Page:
Prof Clark introduced us to Brisbane as a New World City attaining global reach. Now that is a powerful reason to be proud of our place in the world and optimistic for the future.

The rise of smaller, specialised, globally-oriented cities

The current cycle of globalisation has seen the rise of many smaller, more specialised, but highly globally oriented, cities. This group of cities are neither ‘established’ nor ‘emerging’. They are smaller, high-income cities with efficient infrastructure, an attractive quality of life, and fewer social, environmental or economic externalities such as crime, pollution, congestion, high costs or inequality. Unlike ‘Emerging’ or ‘Established World Cities’, they are often not the primary city in their national or regional system of cities. (Globalisation and Competition: The New World of Cities 2015)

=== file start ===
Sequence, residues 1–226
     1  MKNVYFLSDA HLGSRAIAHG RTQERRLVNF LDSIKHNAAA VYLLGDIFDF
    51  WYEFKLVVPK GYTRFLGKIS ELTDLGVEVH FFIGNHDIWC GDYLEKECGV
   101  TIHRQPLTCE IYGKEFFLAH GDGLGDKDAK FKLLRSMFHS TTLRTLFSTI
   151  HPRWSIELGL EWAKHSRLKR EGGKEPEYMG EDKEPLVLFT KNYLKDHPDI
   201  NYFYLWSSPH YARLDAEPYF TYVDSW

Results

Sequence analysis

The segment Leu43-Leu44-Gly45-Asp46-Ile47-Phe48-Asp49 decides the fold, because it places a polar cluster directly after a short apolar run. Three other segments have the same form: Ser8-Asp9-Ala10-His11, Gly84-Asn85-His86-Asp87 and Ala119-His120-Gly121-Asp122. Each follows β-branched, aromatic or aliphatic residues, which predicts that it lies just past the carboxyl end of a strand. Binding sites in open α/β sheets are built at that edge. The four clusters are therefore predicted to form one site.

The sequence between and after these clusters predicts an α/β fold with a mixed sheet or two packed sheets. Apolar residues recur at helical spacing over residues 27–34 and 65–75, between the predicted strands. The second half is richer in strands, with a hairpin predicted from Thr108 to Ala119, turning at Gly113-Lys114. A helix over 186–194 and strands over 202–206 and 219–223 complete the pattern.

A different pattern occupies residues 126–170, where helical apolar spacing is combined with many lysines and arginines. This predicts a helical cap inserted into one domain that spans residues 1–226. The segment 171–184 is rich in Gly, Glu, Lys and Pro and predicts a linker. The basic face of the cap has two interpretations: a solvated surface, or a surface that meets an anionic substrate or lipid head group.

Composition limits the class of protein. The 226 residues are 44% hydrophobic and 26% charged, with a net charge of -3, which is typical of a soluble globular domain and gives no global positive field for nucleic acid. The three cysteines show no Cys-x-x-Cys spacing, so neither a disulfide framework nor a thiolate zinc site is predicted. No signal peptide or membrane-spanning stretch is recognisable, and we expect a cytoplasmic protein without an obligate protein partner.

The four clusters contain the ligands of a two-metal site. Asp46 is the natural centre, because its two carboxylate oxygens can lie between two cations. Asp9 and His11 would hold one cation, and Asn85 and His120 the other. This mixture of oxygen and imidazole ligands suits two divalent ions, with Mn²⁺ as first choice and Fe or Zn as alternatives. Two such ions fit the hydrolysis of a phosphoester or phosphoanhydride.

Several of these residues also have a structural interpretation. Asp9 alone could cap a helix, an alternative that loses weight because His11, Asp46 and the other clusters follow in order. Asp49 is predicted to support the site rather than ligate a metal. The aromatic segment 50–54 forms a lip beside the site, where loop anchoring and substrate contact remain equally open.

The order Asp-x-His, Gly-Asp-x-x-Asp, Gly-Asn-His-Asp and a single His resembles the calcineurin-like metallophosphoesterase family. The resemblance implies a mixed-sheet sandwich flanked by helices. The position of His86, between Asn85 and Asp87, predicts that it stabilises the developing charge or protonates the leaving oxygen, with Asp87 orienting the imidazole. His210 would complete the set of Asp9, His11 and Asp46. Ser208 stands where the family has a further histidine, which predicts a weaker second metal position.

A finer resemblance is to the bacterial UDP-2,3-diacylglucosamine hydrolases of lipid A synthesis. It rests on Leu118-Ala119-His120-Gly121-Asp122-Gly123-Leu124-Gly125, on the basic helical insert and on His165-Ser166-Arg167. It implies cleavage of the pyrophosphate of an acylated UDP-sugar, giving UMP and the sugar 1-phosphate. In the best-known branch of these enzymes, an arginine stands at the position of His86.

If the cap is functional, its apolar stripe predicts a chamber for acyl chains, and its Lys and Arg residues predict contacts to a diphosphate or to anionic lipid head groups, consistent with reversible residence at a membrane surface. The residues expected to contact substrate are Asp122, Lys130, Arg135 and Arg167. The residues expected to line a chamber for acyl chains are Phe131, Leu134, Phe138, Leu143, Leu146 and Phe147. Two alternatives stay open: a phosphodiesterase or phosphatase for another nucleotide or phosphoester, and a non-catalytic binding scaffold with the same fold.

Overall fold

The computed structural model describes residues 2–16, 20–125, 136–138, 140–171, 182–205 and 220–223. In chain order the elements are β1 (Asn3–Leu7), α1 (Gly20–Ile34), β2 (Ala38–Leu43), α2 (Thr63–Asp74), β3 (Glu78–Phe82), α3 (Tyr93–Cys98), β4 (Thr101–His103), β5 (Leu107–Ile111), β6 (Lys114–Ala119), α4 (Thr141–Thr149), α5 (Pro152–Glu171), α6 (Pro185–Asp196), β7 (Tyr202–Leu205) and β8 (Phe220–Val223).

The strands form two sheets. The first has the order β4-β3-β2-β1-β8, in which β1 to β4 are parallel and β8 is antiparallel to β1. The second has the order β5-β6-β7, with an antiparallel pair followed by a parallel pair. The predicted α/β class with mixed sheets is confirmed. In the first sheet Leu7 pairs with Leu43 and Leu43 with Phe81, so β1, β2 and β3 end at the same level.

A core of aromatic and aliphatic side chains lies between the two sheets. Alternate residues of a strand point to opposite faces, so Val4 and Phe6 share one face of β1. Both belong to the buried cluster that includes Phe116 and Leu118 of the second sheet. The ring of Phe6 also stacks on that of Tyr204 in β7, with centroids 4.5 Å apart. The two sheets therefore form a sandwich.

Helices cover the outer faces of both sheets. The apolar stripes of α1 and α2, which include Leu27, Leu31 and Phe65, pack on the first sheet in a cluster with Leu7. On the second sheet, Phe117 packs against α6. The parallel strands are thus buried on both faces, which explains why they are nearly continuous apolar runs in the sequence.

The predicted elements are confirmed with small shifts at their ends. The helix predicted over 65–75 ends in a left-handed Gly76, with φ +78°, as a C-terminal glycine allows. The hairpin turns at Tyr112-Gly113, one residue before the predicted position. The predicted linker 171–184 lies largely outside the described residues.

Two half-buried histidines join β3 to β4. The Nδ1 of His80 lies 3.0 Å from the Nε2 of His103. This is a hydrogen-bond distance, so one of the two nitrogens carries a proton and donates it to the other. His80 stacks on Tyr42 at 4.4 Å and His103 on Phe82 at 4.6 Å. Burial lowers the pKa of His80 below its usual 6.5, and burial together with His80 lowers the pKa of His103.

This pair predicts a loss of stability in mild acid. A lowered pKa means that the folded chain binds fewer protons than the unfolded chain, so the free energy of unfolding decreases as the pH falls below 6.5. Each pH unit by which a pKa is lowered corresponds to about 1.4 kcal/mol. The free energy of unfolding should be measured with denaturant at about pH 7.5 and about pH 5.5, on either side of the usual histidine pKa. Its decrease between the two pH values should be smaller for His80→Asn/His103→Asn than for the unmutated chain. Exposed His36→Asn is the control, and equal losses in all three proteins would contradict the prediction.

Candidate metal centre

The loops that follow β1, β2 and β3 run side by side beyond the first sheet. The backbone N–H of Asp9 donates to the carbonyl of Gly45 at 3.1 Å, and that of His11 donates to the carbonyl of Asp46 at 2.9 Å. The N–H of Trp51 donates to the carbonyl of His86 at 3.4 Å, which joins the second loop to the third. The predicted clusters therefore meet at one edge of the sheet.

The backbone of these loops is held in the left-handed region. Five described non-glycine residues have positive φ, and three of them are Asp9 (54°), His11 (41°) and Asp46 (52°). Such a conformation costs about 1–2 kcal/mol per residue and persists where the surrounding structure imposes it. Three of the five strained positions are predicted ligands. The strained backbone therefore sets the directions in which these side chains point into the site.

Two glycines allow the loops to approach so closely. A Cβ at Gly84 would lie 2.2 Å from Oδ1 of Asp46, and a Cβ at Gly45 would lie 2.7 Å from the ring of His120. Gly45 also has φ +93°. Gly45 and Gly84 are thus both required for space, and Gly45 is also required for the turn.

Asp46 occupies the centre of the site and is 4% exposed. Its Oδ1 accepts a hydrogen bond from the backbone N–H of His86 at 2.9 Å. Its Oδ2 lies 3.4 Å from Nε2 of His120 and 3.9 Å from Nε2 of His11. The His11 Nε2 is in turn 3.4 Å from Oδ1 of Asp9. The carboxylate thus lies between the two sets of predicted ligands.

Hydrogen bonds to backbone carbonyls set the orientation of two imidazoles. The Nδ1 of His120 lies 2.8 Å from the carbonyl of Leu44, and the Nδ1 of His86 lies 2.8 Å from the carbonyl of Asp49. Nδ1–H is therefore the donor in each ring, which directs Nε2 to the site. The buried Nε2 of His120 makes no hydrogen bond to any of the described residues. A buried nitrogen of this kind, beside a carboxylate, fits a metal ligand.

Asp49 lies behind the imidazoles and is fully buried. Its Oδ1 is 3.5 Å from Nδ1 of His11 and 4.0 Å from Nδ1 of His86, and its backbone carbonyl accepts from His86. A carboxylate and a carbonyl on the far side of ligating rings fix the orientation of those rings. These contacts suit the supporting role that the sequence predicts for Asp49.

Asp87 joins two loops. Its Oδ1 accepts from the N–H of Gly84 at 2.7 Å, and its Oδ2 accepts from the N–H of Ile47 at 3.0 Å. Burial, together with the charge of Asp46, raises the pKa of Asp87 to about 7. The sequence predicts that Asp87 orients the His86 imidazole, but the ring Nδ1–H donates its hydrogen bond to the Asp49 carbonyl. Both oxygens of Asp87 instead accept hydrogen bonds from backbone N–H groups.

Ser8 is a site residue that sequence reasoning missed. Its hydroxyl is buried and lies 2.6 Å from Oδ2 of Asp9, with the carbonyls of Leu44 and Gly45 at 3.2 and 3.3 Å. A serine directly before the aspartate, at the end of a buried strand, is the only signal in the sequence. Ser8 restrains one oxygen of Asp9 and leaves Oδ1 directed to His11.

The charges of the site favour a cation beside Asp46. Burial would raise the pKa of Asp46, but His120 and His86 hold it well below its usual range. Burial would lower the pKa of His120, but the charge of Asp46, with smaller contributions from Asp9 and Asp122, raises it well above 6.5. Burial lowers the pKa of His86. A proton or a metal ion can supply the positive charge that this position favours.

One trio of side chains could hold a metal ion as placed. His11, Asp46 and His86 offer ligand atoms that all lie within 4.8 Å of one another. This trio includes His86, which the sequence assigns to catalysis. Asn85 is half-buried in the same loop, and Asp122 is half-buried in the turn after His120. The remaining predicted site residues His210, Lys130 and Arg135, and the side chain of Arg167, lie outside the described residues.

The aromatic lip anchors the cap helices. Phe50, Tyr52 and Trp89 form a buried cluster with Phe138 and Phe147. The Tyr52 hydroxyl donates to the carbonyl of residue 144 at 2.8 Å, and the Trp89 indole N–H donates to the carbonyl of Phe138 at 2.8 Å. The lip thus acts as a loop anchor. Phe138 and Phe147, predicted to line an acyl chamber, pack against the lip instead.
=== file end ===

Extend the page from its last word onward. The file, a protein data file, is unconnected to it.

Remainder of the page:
Prof Greg Clark - city vs strategic planning - 22 Nov 2017

The New World Cities model paints a picture of great opportunities for our city. However,  Prof Clark also highlighted the importance of utilising broad based Strategic Planning to develop those opportunities. This highlights the importance of working across multiple jurisdictions like Council working with State Government, not operating in isolated silos. An issue raised by at least on participant at the Forum. Activity - priorities2 - 22 Nov 2017

The priorities identified by participants aligned closely with the success factors for New World Cities. for example, attractive quality of life, low pollution, congestion and inequality.

I was pleased to see that protecting and developing greenspace was consistently given high priority by Forum participants.Kath Lofin and Maslow